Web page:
Former senator Francis “Kiko” Pangilinan, the newly appointed Presidential Adviser on Food Security and Agricultural Modernization (whew, why is it that this administration has a penchant for long titles?), has been quoted as saying he would clean up the four agencies of the Department of Agriculture he is assigned to supervise
His appointment has effectively clipped the wings of the Agriculture secretary Proceso Alcala who had been flying high under the Aquino administration despite allegations of graft and corruption in the department under his watch.
Interestingly, Secretary Kiko has denied insinuations that his appointment would put him on a collision course with Alcala, a fellow leader of the Liberal Party (LP). Kiko said he could work along well with Alcala.
Perhaps they could. Note that there are no details yet on where Kiko had disbursed his reported additional P100 million from the Disbursement Acceleration Program when he was still a senator. (The DAP supplemented the P200-million annual pork barrel of senators.)Was it with the DA? There will be speculations as long as Budget’s Sec. Butch Abad refuses to divulge details of DAP-funded projects given to senators during and immediately after the impeachment trial of former Chief Justice Renato Corona.
I repeat: it’s highly possible that Kiko could remain buddy-buddy with Alcala while working in the same department.
However, there is another working relation that I’m still not convinced would go swimmingly well—that between Kiko and DILG Sec Mar Roxas, the LP president. This could become more pronounced with reports that Kiko is being groomed by the administration for a higher elective position. This could definitely unsettle Mar who, since after the 2010 polls, has been described as the ruling party’s uncontested bet for president in 2016. It shouldn’t surprise anybody if the cold ties between Mar and Kiko before 2010 would resurface.
Several years back, Mar and Kiko were almost inseparable, going to various political and social functions together. Mar was then the presumptive presidential candidate of the LP for 2010 while Kiko, the party executive vice president, was angling to be Mar’s running mate. Mar, who had been eyeing Malacañang after topping the 2004 senatorial elections, wanted to expand his base and increase his chances in 2010. Thus, he drove the LP into a coalition for the 2007 elections with other parties that included the Partido ng Masang Pilipino of former President Joseph Estrada.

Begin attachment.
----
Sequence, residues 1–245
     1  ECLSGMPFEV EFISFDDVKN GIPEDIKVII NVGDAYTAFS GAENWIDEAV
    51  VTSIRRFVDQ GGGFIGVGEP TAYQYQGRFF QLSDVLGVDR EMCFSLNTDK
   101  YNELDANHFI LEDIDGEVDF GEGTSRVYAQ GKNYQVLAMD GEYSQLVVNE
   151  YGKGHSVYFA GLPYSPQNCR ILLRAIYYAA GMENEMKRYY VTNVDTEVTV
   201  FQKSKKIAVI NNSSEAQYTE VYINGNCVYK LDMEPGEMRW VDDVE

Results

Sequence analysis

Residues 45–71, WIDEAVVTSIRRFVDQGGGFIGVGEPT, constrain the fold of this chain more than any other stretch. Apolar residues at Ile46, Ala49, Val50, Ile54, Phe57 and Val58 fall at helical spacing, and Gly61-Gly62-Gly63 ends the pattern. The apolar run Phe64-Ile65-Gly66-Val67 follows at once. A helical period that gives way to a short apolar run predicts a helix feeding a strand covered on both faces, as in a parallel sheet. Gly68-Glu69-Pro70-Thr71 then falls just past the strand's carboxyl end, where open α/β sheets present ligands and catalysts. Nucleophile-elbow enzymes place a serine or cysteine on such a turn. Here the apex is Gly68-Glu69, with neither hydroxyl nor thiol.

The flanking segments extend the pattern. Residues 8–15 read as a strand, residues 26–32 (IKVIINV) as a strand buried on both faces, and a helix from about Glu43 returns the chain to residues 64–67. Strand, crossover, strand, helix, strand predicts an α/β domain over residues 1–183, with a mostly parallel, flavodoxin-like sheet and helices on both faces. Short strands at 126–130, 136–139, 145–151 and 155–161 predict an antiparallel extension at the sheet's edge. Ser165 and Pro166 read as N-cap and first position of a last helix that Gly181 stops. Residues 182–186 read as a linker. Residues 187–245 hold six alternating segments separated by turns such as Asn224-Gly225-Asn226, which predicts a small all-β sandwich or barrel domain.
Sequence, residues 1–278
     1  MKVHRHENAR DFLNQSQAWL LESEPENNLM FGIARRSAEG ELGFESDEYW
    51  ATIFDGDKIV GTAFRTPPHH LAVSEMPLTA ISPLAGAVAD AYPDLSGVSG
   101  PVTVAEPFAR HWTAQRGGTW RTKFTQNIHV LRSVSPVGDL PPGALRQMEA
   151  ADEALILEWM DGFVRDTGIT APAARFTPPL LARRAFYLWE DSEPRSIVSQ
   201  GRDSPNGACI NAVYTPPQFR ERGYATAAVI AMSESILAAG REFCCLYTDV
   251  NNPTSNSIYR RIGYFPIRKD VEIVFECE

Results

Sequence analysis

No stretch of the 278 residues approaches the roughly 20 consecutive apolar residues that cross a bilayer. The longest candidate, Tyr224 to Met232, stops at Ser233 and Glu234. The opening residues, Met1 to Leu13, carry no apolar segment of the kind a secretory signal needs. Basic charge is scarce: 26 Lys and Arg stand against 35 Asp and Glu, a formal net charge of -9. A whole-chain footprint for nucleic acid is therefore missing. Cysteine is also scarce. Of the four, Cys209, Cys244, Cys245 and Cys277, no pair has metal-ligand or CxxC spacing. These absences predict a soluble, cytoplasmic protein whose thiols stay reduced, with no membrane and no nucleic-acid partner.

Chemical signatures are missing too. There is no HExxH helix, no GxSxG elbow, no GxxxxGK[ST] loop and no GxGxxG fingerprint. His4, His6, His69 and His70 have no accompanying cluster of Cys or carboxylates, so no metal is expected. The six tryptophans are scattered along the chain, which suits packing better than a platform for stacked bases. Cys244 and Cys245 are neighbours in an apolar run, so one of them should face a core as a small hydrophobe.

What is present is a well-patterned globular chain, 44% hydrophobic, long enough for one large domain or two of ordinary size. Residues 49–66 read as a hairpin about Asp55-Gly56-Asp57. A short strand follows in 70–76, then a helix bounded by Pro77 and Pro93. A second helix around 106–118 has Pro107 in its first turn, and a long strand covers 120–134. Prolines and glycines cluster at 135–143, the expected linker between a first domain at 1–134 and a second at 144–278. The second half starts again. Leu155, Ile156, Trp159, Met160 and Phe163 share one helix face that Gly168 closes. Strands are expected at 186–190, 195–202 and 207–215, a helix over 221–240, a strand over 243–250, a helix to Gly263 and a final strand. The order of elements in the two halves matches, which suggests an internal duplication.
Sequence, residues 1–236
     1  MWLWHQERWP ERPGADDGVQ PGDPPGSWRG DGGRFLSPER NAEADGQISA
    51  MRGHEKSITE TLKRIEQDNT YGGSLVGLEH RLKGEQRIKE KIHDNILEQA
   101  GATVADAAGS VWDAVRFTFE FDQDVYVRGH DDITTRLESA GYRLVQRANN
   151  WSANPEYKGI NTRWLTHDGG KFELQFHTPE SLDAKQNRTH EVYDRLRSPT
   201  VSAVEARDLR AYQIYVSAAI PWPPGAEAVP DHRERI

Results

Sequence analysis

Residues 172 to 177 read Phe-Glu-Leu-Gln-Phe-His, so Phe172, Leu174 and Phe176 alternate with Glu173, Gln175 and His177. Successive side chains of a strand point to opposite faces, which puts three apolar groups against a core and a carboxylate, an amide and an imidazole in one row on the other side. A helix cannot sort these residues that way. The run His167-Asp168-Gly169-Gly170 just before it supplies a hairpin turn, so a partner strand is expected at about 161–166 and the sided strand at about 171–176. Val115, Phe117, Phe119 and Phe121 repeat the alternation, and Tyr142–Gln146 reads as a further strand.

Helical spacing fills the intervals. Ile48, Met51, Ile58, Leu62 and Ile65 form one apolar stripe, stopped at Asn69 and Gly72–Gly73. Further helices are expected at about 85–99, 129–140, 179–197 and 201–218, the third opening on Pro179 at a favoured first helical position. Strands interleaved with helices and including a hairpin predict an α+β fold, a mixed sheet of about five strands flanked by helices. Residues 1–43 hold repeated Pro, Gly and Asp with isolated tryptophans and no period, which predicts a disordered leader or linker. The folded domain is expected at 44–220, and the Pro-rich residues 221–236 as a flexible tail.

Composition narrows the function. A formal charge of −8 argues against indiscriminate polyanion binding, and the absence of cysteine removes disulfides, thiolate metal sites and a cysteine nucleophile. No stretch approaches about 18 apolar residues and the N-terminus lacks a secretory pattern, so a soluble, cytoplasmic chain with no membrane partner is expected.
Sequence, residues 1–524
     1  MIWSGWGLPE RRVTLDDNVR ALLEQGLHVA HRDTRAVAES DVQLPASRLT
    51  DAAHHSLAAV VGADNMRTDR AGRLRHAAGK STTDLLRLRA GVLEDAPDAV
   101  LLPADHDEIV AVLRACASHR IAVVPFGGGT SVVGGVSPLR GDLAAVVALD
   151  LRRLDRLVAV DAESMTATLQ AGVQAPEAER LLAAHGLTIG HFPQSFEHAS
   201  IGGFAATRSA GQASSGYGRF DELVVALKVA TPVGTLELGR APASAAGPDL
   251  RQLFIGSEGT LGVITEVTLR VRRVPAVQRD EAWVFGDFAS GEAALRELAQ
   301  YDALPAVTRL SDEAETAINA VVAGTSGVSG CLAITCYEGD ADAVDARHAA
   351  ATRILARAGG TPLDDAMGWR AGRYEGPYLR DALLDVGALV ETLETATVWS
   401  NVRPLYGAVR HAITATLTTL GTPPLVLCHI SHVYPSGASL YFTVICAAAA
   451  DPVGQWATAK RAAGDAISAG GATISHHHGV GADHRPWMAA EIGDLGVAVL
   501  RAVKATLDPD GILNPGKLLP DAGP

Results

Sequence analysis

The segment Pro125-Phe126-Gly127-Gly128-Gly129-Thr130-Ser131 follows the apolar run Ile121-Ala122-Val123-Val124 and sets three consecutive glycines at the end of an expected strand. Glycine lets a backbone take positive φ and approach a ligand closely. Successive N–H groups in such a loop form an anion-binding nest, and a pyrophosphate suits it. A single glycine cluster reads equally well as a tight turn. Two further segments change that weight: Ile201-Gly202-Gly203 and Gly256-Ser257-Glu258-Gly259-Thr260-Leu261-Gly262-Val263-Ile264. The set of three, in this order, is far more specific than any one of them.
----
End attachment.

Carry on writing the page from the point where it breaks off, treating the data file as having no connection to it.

Kiko made known his opposition to Mar’s move by running as an independent in 2007 and by refusing to join the campaign of the two major political blocs. It’s noteworthy that while he wasn’t either opposition or administration, he got more votes than in 2001 when he ran under the coalition ticket supported by then President Gloria Macapagal Arroyo.
Mar had evidently thought of shoring up his faltering bid for the presidency in 2010 by looking beyond the LP for a running-mate. There can be no other reason why Kiko began to drift farther away from the only party that he had known in his entire political life. There was even a time when he said Mar’s nomination as LP presidential candidate was not a sure thing. He later gave up his post as LP executive vice president although he never formally resigned from the party. He ceased to identify himself as a Liberal and started to describe himself as an “independent.”
Kiko subsequently stopped attending LP meetings and thought of building what he called a Third Force to do political battle with the established political parties, including the LP. He told me that he wanted to build a reform constituency that would no longer confine its choices to candidates fielded by the traditional political parties.
I never heard Mar say anything to woo back the sulking Kiko to the party fold. (This could be an earlier manifestation of Mar’s current popular quote: “Bahala ka sa buhay mo.”) However, I did hear Sen. Franklin Drilon, the LP chairman, say he would try to bring Kiko back to the party and discuss the latter’s plan to run for vice president.
Kiko became more active in LP affairs only after then Sen. BS Aquino had been named the party’s presidential candidate with Mar as running-mate. Kiko immersed himself in the 2010 elections as campaign manager of the senatorial ticket of the LP-led coalition. With Aquino’s victory (and Mar’s defeat?), he resumed identifying himself as member of the administration party. In 2013, he was the campaign manager of Sen. Bam Aquino.
I doubt if Mar welcomed Kiko’s resurrection as LP member, which could make them potential rivals for anointment as administration bet for president. I believe that Mar, like President Aquino, doesn’t forget slights easily. We have a term for that—“mapagtanim.” With such a trait, Mar couldn’t be expected to rekindle his once warm relations with Kiko.